Professional violinists and their $$$ violins

February 3, 2006 at 03:14 AM · What would a violinist (professional or otherwise) do with their violin if they were leaving one place (in a car) and wanted to stop somewhere on the way home, like at a restaurant, the gym or the grocery store? Let's say the weather/temperature isn't an issue, so the car trunk is neither too warm nor too cold. Would they (or you) always bring the violin with them? Would they leave the violin in the trunk for two hours if the neighborhood were safe, and they didn't feel like clunking around in a restaurant?

I'm intensely curious about the relationship a dedicated violinist must have with his/her instrument, particularly if it is antique and/or costly. Do some violinists get obsessive about having it nearby, or is it something you just get used to at some point, like owning a Ferrari? (Because I myself am very comfortable with my Ferrari. The red one, that is. The other one I won't drive in the city. No way.)

Thanks for considering this rather eccentric question.

Replies (40)

February 3, 2006 at 03:23 AM · In most insurance plans, if you leave your instrument in the car, and it's stolen, it's your problem. I think that says everything there is to say.

February 3, 2006 at 03:47 AM · My violin may not be a Strad or a Guarneri, but it is a modern Italian and a professional-grade instrument. I bring it EVERYWHERE when I'm out and about with it; I couldn't bear the guilt if something would happen to it, and I feel like I'm preventing an accident by keeping the case with me at all times (although, on second thought, I'm not convinced that I am). The few "great" violinists I've seen have all kept their instruments close to their side while signing autographs after the show. I don't know what the rest of the world does, though.

February 3, 2006 at 04:56 AM · Security and convenience are two forces at loggerheads.

February 3, 2006 at 05:23 AM · Joshua Bell's been posed with this question numerous times in interviews, and he pretty much takes his $4 million Strad everywhere. He compares it to having a baby...yeah, it's incredibly valuable, but you take it where you need to go.

February 3, 2006 at 05:16 AM · Mine is attached to my shoulder.

No really, I had it grafted on....it's goes with me everywhere. The only time I leave it somewhere is when someone I trust is with it, or if it is locked up in my studio, or if I leave it at the violin shop.

Otherwise it goes with me. I've been some really interesting places with my violin....let's see; the beach, the bathroom, many restaurants, Gas station, movie theatres, shopping malls etc.

Preston

February 3, 2006 at 07:52 AM · Great, interesting responses, everyone - thanks.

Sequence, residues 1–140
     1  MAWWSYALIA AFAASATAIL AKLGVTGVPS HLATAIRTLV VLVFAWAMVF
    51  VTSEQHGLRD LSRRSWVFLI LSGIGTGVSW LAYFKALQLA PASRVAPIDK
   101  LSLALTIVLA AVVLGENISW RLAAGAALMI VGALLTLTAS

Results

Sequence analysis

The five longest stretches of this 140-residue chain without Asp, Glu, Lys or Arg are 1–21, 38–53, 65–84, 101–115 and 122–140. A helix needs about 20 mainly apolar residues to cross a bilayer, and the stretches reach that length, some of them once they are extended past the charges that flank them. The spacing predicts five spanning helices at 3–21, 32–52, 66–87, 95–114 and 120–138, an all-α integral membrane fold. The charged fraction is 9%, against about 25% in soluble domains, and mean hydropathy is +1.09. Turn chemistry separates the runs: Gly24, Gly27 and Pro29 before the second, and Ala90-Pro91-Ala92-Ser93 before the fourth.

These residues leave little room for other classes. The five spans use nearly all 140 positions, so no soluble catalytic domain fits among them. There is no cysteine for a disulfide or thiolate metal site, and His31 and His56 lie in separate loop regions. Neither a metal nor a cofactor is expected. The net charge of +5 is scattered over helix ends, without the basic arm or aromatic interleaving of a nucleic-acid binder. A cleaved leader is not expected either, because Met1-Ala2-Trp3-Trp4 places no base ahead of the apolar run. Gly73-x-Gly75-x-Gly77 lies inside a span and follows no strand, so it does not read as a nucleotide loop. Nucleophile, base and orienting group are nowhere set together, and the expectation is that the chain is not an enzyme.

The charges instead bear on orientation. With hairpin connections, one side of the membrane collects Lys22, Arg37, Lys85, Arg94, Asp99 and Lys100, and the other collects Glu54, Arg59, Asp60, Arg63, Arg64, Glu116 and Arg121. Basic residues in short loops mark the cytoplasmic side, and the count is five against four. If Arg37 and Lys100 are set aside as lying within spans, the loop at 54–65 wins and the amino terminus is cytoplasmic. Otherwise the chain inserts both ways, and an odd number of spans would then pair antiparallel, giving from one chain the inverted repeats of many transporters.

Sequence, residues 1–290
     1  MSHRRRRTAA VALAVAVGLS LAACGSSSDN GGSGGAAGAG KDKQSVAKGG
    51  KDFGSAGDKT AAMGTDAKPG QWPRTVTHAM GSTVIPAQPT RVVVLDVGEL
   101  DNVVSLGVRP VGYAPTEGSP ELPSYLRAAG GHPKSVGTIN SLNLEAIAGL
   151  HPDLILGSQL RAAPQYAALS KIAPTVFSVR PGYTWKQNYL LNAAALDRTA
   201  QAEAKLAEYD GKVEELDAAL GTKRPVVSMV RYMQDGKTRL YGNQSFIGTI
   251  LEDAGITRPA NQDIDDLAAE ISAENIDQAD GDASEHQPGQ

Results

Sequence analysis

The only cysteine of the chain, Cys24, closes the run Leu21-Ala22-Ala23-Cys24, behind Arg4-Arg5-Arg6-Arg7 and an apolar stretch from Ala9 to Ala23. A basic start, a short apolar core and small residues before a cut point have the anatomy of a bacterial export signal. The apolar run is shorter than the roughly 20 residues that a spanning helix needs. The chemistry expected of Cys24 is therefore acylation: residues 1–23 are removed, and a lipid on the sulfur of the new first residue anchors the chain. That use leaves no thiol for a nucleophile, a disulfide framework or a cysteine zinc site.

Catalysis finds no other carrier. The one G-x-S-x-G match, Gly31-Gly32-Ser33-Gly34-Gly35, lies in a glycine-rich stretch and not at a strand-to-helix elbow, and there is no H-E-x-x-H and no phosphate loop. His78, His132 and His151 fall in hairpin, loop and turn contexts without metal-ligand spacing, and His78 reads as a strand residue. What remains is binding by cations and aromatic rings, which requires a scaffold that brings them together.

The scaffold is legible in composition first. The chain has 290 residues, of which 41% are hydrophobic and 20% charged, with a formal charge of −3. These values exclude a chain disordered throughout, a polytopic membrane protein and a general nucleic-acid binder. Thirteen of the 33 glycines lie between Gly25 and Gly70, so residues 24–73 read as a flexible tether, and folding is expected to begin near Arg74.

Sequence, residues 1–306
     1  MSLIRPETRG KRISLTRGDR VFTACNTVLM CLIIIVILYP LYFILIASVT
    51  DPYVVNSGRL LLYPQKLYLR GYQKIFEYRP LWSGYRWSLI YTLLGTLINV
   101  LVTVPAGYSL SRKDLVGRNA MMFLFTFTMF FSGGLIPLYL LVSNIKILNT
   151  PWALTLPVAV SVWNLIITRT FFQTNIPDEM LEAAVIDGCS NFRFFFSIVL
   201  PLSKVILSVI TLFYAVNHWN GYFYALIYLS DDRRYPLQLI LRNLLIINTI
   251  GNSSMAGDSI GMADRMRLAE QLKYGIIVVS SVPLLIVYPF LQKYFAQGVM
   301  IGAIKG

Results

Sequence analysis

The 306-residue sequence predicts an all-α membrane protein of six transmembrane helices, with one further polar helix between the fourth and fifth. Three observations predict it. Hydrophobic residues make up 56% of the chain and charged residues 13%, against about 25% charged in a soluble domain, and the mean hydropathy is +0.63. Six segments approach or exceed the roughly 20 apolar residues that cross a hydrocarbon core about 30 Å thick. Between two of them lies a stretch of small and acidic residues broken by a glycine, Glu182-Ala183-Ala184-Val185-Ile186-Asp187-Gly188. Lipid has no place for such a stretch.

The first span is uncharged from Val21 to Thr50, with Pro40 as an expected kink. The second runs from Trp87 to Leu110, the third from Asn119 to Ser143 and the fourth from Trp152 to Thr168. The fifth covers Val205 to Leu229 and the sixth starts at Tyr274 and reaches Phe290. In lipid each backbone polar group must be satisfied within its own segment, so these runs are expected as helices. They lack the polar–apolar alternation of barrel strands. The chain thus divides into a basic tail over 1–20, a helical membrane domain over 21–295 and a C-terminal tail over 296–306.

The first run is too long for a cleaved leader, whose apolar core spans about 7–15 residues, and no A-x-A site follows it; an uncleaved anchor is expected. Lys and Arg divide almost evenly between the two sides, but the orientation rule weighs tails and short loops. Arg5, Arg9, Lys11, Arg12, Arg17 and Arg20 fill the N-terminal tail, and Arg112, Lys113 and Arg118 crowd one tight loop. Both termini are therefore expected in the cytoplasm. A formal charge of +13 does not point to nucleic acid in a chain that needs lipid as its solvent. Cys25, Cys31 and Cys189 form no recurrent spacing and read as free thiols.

Preston... the BEACH? OMG!

And Karin, I'm not surprised at Joshua's reluctance to let his Strad go - that's the one that was stolen from Bronislaw Huberman's Carnegie Hall dressing room in 1936 and not seen again until 1985, yes? (Rumor has it Huberman was onstage at the time, playing his Guarnerius. There's a moral to this story...)

Okay, so now I want to hear from everyone who totes their violin around everywhere - what's the strangest situation you've found yourself in, due to (or in spite of) your beloved wooden companion? How many people have asked you to play something? Anyone ask you what's REALLY inside the case?

February 3, 2006 at 08:35 AM · I've often been asked by security at various places if there was a machine gun in the case.

February 3, 2006 at 09:25 AM · Yeah, and you're a bunch of coppers, see? You won't take me alive, see? Neayah neayah.

February 3, 2006 at 12:04 PM · Being from Chicago, I've always had a similar problem, especially when I was in college and had co-op jobs in different cities. I'd walk in with my violin case and tell them I'm from Chicago, and people would actually back up a few steps.

My violin was made by William Walls of Tampa, Florida, in 1964. It was the 2nd violin he made as a copy of the Guarnerius del Jesu owned by my teacher at the time. I paid $500 at the time (it may be worth a few thousand now, I don't know). The Guarnerius is, of course, worth a little more.

February 3, 2006 at 02:35 PM · My violin is not that expensive. I am not a professional. But it's still very dear to me, and I couldn't imagine being out with it and letting it out of my sight. The closest I've gotten is stopping to fuel my car on the way home from a lesson... but I pay at the pump and it never leaves my sight!

February 3, 2006 at 04:58 PM · My violin isn't worth near the amounts that many people play on but it is an old instrument and I have it on loan.

I never leave my violin in a car or anywhere unsupervised except for home, my teaching studio at work or....that's it. It is like having a third arm but you get used to it. Instrument theft is starting to become more of a problem and I do not want to take the chance that I would be one of those unlucky people to have it taken.

February 3, 2006 at 05:22 PM · This is all fun to hear - keep it coming!

So, here's my problem - I drive 40 mn to my lesson once a week and on the way home, I stop in a state park (Neil and Mendy, that would be Henry Cowell Redwoods state park) to jog. It's midway from home and the lesson, so I can't very well leave the violin there. But to JOG with a violin? I can't see even Preston's graft holding that position very comfortably. Right now, it's not an issue, as my violin is worth a humble $250.00, but it seems to me that otherwise it would be a bit of a conundrum. I know, I know, people will tell me to hell with the jogging. But it's such a nice routine, the redwoods all around you, the music from the lesson bouncing around in your head, as you either work off the frustrations of a bad lesson or speed around in triumph from a good lesson.